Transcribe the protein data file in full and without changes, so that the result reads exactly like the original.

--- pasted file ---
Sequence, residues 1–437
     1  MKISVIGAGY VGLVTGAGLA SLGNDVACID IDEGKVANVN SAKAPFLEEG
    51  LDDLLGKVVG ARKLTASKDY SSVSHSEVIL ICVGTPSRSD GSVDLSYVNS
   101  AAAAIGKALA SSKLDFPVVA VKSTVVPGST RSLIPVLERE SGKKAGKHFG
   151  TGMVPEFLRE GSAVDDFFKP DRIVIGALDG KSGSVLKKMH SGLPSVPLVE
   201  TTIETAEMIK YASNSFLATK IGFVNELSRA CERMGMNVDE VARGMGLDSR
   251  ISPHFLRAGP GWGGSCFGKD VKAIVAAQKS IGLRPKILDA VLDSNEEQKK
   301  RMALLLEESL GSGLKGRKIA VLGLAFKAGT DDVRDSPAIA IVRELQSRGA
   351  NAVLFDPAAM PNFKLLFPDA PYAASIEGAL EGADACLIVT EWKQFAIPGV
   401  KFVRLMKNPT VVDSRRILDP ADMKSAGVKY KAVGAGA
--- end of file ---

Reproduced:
Sequence, residues 1–437
     1  MKISVIGAGY VGLVTGAGLA SLGNDVACID IDEGKVANVN SAKAPFLEEG
    51  LDDLLGKVVG ARKLTASKDY SSVSHSEVIL ICVGTPSRSD GSVDLSYVNS
   101  AAAAIGKALA SSKLDFPVVA VKSTVVPGST RSLIPVLERE SGKKAGKHFG
   151  TGMVPEFLRE GSAVDDFFKP DRIVIGALDG KSGSVLKKMH SGLPSVPLVE
   201  TTIETAEMIK YASNSFLATK IGFVNELSRA CERMGMNVDE VARGMGLDSR
   251  ISPHFLRAGP GWGGSCFGKD VKAIVAAQKS IGLRPKILDA VLDSNEEQKK
   301  RMALLLEESL GSGLKGRKIA VLGLAFKAGT DDVRDSPAIA IVRELQSRGA
   351  NAVLFDPAAM PNFKLLFPDA PYAASIEGAL EGADACLIVT EWKQFAIPGV
   401  KFVRLMKNPT VVDSRRILDP ADMKSAGVKY KAVGAGA